Fire containment reaches 60 percent
Published 5:00 am Tuesday, June 17, 2008
Five miles of containment lines left to be established
By DAN PARSONS
PONZER — The Evans Road fire has been burning for more than two weeks and has left 41,000 acres of eastern North Carolina looking like a still photograph of a World War I battlefield.
The peat fire that has proven so difficult for firefighters to control and extinguish has left the ground pockmarked. It has burned the root systems from under pine trees, toppling them. As bleak as the picture looks from within the fire zone, reports from the N.C. Forest Service on Monday painted a brighter image.
The 514 forest service personnel fighting the fire had contained about 60 percent of the blaze as of Monday afternoon. Five miles of containment lines still need to be established in coming days, according to forest service reports.
The biggest issue firefighters and area residents have to deal with at the moment is dense smoke, which reduces visibility and can cause adverse health affects, Haire said.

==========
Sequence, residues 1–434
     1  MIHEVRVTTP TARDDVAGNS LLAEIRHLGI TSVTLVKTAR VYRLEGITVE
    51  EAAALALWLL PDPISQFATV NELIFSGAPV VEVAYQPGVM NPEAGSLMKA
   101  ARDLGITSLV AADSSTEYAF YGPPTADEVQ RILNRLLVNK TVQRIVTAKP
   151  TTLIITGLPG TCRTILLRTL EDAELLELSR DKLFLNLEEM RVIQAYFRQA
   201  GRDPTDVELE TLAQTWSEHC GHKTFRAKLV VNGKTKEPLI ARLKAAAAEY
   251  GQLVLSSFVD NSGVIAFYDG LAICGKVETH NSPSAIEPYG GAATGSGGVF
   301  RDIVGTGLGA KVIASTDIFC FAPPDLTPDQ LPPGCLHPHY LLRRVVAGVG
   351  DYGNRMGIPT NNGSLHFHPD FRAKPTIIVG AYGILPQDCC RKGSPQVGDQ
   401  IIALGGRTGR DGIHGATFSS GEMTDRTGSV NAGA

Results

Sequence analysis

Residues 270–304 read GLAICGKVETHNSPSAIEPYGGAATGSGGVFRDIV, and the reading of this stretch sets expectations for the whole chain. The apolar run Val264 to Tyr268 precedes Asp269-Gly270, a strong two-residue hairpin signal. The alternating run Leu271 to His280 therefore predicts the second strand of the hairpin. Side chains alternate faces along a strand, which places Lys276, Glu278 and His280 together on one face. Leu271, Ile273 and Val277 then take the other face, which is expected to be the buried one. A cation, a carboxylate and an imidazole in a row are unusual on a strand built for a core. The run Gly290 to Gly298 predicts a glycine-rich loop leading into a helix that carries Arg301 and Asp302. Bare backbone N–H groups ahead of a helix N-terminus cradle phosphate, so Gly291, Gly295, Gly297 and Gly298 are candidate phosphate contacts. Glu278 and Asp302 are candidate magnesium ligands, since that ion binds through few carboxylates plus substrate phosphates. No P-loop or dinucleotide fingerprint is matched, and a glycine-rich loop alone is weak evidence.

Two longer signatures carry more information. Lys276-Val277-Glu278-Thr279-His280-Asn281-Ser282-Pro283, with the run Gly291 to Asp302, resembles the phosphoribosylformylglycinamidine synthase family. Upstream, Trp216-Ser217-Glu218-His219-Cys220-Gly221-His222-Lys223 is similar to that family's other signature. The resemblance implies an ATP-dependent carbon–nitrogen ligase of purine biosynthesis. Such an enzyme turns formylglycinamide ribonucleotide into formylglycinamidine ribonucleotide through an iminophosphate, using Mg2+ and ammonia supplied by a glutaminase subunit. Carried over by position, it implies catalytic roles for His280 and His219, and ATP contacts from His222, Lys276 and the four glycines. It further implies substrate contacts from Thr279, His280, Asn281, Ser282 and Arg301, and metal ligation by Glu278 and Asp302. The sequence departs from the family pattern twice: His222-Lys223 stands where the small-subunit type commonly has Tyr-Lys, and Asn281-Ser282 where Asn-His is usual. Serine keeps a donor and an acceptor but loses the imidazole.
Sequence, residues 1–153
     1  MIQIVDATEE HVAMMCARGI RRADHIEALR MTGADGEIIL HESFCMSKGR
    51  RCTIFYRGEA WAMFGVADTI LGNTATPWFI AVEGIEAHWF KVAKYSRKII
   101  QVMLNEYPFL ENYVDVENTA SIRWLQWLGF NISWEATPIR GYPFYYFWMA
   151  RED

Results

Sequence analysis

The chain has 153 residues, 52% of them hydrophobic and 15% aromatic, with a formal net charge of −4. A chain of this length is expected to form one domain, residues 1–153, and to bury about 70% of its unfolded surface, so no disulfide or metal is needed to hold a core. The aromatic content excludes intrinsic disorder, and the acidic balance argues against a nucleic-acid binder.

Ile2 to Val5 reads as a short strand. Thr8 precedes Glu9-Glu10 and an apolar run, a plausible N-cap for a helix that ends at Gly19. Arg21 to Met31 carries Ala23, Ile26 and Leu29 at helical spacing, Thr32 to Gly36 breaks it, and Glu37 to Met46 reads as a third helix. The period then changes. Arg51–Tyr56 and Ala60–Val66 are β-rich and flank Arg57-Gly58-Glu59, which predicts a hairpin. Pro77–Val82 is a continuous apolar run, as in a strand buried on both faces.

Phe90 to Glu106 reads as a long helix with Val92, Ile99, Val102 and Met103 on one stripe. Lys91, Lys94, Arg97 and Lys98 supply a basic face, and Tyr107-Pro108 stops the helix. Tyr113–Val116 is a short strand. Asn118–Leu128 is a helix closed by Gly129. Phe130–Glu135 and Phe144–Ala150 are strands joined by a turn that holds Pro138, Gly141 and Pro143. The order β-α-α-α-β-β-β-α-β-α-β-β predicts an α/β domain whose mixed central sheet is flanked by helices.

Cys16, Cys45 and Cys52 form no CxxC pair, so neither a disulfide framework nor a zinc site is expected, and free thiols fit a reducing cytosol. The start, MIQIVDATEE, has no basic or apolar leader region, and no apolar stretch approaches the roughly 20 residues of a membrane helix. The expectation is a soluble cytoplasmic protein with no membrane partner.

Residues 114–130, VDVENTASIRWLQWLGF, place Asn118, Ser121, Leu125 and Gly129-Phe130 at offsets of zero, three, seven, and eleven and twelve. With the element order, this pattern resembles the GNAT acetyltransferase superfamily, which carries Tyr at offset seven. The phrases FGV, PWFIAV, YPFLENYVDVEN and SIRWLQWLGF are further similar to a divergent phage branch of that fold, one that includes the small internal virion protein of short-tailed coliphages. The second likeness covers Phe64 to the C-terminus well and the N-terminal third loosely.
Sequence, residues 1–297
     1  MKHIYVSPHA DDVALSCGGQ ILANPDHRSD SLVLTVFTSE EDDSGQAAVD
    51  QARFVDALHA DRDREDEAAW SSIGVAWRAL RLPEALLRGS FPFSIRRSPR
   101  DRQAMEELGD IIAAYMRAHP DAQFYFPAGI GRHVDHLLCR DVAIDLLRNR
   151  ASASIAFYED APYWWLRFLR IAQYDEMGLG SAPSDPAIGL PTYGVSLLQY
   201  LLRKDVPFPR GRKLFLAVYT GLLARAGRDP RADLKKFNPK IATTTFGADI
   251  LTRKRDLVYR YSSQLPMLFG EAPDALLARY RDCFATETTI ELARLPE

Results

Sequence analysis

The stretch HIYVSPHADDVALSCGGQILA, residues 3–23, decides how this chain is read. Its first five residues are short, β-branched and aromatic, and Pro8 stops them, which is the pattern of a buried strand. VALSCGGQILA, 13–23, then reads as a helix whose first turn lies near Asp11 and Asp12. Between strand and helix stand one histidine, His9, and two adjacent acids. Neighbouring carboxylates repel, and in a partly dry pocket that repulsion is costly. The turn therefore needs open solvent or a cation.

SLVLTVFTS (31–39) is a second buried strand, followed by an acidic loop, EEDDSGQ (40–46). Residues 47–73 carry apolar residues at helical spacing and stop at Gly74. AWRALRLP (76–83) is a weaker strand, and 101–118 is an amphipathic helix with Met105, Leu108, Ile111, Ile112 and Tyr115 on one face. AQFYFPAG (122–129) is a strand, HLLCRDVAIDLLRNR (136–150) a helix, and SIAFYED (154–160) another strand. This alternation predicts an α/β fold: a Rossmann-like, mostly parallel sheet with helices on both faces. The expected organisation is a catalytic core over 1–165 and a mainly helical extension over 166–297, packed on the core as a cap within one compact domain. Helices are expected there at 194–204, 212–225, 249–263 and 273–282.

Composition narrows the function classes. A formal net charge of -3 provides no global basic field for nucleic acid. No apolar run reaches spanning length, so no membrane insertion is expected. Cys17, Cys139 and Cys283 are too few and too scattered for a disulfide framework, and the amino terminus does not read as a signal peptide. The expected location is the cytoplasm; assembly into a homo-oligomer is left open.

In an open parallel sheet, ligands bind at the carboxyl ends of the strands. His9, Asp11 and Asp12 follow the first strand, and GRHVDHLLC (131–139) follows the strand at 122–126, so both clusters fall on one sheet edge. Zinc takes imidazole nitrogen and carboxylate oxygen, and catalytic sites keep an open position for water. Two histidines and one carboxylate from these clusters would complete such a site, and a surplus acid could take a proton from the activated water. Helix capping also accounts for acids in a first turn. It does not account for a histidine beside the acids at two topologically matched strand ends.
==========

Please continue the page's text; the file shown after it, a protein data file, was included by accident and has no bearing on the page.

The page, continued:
A light rain began to fall on portions of the fire around 4:30 — not enough to extinguish the fire, but enough to help, according to forest service officials. More rain is forecast for coming days. The rain causes the fire to billow smoke and causes smoke in the upper atmosphere to lay down on the ground, which increase its volume and effects, Haire said.
The firefighting team is not waiting for the weather to extinguish the blaze. A pumping operation is underway to transport water from Phelps Lake into the burned area is now running around the clock. Thirty five pumps are moving 92,000 gallons per minute — 132 million gallons per day. That translates into two inches off the water level of Lake Phelps in nine days.
With more than 500 people fighting the fire, only two were injured in the first days of the battle. Both were heat-related injuries and neither was severe, according to forest service officials.
Don Carpenter, another spokesman for the forest service, said cooler temperatures and calmer winds forecast for this week bode well for efforts to contain the fire.
Temperatures are forecast to be in the mid-80s this week — a far cry from near 100-degree heat firefighters had to contend with last week. Lower temperatures also allow relative humidity to stay at higher levels during the day, which in turn allow moisture levels in the fire area to recover over night, according to Carpenter.